A good fantasy author doesn’t shy away from complexity. In writing a multivolume series with a distinct mythos and a varied cast of magical characters, a detailed backstory and carefully plotted universe are musts.
Unfortunately, C.C. Lea violates that principle in The Hunt, the second volume in the “Caprian” series. The author infuses the series as a whole — which tells the story of supernaturally gifted individuals in an epic, multigenerational battle against a malevolent being — with a well-constructed context. Readers approaching this sequel without the benefit of the first book, however, are at a disadvantage because the author appears to jump into a story that’s already in progress without much of a recap.
Even this slim volume spans hundreds of years: we meet the book’s vampire villains in 12th century France, and they come back to haunt the protagonists hundreds of years later. The heroes, based on a small island in Virginia called Caprian, can read minds, turn into wolves and move objects with their minds. They are the constant target of the vampire Vardan, and the action is based on this good-versus-evil conflict.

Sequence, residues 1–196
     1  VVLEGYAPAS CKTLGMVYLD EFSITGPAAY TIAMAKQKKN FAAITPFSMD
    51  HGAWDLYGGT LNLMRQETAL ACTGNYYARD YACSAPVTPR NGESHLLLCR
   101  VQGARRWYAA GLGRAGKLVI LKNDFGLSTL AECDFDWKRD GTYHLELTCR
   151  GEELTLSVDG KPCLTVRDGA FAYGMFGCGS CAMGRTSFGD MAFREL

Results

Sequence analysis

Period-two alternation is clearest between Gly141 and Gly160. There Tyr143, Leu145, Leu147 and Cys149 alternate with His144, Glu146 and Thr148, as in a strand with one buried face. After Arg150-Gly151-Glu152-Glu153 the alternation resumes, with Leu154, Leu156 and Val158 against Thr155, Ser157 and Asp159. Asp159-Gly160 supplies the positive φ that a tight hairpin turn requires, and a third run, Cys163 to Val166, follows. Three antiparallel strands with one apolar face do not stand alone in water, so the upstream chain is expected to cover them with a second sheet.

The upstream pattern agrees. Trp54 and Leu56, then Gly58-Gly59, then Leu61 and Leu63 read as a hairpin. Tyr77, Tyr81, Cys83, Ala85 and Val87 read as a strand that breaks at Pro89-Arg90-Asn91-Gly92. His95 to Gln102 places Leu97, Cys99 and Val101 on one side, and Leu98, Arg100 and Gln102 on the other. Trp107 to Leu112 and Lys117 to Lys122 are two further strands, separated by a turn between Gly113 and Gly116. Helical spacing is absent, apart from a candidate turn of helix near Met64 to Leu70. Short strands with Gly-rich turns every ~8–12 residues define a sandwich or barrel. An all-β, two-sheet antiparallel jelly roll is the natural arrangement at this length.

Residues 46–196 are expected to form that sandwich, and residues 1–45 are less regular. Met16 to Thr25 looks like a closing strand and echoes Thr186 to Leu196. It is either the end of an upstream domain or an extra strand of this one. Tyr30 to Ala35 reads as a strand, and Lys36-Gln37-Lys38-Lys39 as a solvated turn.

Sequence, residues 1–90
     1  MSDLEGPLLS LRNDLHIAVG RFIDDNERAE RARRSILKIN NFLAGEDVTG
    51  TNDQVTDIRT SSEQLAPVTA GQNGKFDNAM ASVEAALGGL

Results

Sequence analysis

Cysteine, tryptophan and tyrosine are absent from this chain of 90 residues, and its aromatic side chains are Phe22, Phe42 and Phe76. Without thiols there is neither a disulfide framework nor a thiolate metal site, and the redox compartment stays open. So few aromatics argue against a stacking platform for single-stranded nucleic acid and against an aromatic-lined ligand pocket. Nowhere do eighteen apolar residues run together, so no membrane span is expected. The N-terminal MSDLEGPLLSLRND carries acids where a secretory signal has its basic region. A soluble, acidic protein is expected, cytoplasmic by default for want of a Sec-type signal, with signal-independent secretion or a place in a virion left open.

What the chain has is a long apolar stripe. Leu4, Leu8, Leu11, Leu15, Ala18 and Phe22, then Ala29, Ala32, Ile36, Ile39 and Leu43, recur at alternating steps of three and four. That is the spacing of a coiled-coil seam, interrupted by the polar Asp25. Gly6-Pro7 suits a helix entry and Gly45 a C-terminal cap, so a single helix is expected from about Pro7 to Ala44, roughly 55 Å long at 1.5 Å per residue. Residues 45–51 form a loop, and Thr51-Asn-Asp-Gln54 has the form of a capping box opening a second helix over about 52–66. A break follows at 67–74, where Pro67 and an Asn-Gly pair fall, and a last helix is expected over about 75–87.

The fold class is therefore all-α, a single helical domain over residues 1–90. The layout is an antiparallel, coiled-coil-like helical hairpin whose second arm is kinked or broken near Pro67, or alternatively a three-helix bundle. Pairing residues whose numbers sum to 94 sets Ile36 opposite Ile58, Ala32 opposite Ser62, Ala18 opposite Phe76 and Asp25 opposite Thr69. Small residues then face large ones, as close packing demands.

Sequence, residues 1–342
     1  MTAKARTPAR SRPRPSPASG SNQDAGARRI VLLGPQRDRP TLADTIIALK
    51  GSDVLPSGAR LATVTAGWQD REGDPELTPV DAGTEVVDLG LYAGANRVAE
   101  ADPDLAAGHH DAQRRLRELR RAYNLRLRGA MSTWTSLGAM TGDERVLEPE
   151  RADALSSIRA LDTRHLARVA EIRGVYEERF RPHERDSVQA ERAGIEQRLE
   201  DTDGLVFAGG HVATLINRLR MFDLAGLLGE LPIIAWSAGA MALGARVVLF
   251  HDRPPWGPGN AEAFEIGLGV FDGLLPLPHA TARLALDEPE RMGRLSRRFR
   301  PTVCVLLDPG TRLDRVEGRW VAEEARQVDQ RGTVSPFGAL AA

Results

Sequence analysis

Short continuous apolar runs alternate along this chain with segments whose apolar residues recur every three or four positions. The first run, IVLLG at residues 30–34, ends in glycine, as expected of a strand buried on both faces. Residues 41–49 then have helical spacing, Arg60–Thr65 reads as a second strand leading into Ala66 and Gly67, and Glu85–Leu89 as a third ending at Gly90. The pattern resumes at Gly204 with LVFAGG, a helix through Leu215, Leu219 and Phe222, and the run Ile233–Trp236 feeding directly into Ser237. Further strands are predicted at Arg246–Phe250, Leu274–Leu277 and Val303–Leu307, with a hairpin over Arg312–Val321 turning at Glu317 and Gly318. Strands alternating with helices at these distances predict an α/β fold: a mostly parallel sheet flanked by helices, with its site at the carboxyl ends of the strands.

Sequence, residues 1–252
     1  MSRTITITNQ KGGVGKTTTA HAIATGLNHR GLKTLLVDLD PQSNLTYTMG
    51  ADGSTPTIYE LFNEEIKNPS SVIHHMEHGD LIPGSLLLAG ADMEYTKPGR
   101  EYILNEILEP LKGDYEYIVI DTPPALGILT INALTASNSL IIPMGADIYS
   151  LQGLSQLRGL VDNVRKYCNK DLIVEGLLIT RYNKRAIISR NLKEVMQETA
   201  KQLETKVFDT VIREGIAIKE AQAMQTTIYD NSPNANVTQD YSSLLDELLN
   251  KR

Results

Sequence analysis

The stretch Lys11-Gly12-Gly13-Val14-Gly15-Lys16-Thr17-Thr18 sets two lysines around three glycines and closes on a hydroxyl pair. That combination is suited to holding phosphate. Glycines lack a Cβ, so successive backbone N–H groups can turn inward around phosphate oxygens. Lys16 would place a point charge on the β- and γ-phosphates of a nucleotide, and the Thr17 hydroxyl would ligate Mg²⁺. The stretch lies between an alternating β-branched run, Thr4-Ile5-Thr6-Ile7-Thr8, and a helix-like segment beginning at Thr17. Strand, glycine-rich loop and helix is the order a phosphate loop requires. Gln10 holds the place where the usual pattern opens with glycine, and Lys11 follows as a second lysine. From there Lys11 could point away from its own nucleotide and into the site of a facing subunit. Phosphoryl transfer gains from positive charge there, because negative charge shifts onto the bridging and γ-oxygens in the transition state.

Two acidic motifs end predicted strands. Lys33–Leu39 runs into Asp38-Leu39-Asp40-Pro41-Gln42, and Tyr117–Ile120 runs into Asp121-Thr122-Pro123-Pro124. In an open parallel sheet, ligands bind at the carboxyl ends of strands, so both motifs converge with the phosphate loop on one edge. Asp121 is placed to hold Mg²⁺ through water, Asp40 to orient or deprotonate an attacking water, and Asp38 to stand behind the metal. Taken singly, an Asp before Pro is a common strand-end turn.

We meet a large cast of characters in the first chapters: the villain Vardan in a medieval and modern context, the residents of Caprian in 2008 and Zero, who head to the U.S. from Canada to hunt werewolves. It spills out in fewer than 70 pages, and the author relies largely on dialogue to brief the reader on the progress of the plot. What context there is comes in the form of multiple names and references to past action that are not always clear.
Lea’s narrative style has moments of rich description and compelling eloquence, but this volume, standing on its own, doesn’t do a satisfactory job of giving the reader a full sense of her complex, detailed world.
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